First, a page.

BroadwayWorld UK Awards 2018: Gary Naylor's Recommendations
It's usually a tricky task to sieve so varied a catalogue of plays, musicals, operas etc. into the best and the er... not so best, but this year, it's been easy. I saw Hamilton in March and it was fabulous and I saw it again in September and it was fabulouser. But everyone knows that, so, betting without the GOAT, what has impressed me over the past 12 months?
It was a flat year for musicals, with few standouts. I enjoyed the attention to detail in Thom Southerland's The Woman in White, continuing his strong work at the Charing Cross Theatre. Eugenius! at The Other Palace was commercial and fun and, if all a little predictable, no less entertaining for that.
The Rink at Southwark Playhouse was the best musical I reviewed, Caroline O'Connor and Gemma Sutton in super form in one of Kander and Ebb's less well known works. Six wasn't far behind, but needs to be expanded beyond an extended gig if it is to reach its (considerable) potential.
Musical theatre's elder, posher sister, Opera, enjoyed a much stronger 12 months - the art form becoming more accessible and affordable with each passing year.
There was a Christmas in Dalston vibe to Becca Marriott's tearjerking La Bohème - bang up to date and in English, but with that same glorious music and superb operatic voices. From the same stable, OperaUpClose's sunny, Sixties take on Eugene Onegin at the Arcola brought the best of Russian culture to new audiences - in a year when the country needed a good press.
Way back in November, the bleak, post-industrial Bussey Building provided the perfect backdrop for a bloody awesome Macbeth, Devil You Know paring back Shakespeare's Scottish play to foreground the verse and the storytelling. The same play was delivered through dance in a spectacular show at Wilton's Music Hall, the Mark Bruce Company's storytelling melding clarity, beauty and menace in a heady mix.
The RSC's Julius Caesar at the Barbican was a much more traditional take on Shakey, but had plenty of messages for today's age of political hubris. So too did the RSC's Tamburlaine at Stratford-upon-Avon, Jude Owusu announcing himself as a major presence on the British stage.
As Brexit's barminess crawled over the country like a malevolent fog, theatre hit back with some very strong productions by European writers.
Few are better than the great Federico Garcia Lorca, and few venues are more suited to his work than the Cervantes Theatre in Southwark. Their The House of Bernarda Alba was terrifying and compelling in equal measures, an all-female and bilingual cast brilliantly directed by Jorge de Juan.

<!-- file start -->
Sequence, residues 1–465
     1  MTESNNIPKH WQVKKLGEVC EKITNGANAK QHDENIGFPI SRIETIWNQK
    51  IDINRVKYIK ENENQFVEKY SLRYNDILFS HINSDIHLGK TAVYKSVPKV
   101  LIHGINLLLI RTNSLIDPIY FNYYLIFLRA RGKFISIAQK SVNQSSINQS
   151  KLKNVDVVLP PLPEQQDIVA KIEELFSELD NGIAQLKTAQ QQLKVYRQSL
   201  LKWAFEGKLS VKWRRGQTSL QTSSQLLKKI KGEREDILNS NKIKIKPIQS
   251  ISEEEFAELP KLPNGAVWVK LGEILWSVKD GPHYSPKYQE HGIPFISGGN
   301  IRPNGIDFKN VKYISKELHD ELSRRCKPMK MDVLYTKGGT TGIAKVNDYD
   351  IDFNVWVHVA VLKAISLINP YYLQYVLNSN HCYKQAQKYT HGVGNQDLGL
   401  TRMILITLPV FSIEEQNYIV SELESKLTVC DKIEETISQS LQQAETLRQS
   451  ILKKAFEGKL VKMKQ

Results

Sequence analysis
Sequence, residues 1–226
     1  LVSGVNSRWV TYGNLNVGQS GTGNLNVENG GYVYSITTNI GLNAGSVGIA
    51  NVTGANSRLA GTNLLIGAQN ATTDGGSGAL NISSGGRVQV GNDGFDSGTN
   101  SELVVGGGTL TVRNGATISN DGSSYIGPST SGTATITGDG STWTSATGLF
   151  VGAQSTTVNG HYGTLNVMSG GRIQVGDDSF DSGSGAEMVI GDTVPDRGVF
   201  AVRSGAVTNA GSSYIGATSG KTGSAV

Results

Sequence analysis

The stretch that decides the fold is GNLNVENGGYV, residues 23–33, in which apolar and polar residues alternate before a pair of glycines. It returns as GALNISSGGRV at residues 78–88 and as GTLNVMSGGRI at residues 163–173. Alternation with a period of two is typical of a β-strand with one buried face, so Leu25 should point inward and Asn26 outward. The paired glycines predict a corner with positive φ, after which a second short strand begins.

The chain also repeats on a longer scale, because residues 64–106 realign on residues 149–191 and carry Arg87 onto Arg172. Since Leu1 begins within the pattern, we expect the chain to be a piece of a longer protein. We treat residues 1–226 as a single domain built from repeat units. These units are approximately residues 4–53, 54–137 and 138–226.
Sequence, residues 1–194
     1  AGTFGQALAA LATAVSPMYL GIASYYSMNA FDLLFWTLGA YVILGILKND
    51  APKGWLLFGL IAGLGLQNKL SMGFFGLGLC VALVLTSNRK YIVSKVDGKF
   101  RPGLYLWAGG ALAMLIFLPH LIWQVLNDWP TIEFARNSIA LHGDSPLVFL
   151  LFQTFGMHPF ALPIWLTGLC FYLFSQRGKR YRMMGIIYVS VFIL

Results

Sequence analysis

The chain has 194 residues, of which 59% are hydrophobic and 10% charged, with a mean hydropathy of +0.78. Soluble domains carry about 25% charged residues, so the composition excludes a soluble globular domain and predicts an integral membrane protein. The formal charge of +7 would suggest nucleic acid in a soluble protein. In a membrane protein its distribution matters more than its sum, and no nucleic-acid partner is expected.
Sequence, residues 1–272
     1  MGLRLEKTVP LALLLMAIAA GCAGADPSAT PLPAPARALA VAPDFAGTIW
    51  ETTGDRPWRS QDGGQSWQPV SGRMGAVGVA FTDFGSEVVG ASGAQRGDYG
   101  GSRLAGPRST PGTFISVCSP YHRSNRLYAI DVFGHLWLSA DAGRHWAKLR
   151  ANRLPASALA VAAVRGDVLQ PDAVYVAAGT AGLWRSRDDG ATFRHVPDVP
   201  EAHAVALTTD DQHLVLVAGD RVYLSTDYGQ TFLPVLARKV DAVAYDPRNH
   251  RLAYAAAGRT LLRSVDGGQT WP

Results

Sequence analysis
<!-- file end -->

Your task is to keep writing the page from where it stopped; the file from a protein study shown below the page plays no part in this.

At the Omnibus Theatre, a more innovative, but just as rich, Blood Wedding brought another Lorca tour-de-force to a surprisingly young audience. Both The Swallow and The Little Pony made a case for the rude health of contemporary Spanish theatre and for the Cervantes Theatre's continuing commitment to it.
Chekhov's dark, dark comedies are always relevant, and you're never far away from one in London - but they're seldom delivered in the great man's mother tongue. But that was the delight of the Maly Drama Theatre of Saint Petersburg's Uncle Vanya at the Theatre Royal Haymarket, undoubtedly a test of stamina, but a privilege to see an authentic Russian take on that country's greatest playwright's greatest play.
Based on a Chekhov short story, The Lady With A Dog was a perfect little piece for the Tabard Theatre, illuminated by a wonderful performance by Beth Burrows. Arrows and Traps' Three Sisters also provided a nice contrast from the full-on Russian experience, freely adapting Chekhov, but retaining that signature barbed wit and ferocious stare right through the soul of man.
Also at the always interesting Jack Studio Theatre, The Golden F**king Years was an outlier in many ways - a comedy of the kind one might have seen written by Jack Rosenthal for Play For Today in the Seventies, and a production unapologetically focused on older characters. The laugh quotient was high and there were plenty of moments that rang horribly true to this fiftysomething!
The best play I saw was Summer and Smoke at the Almeida, Tennessee Williams' inexplicably neglected sticky Southern drama given wings by Rebecca Frecknall's vision and a magnificent performance by Patsy Ferran, whose tiny frame filled the yawning space - and then some.
The best event - it was a play, it was a musical and it was so, so much more - was the National Theatre's Pericles, an extraordinary vindication of the NT's investment in community theatre, of London's rich multiculturality, and of the capacity of this ancient art form to reinvent itself for new times.
In the strictly reductive terms, it was a reimagining of one of Shakespeare's lesser works, but it was also a carnivalesque cavalcade of humanity, a rollercoaster ride that made you happy to be alive.
And if that's not a testimonial to the power of theatre, I don't know what is!
Those are Gary's contenders - what are yours? Nominate your favourites in the 2018 BroadwayWorld UK Awards here
Photo credit: James Bellorini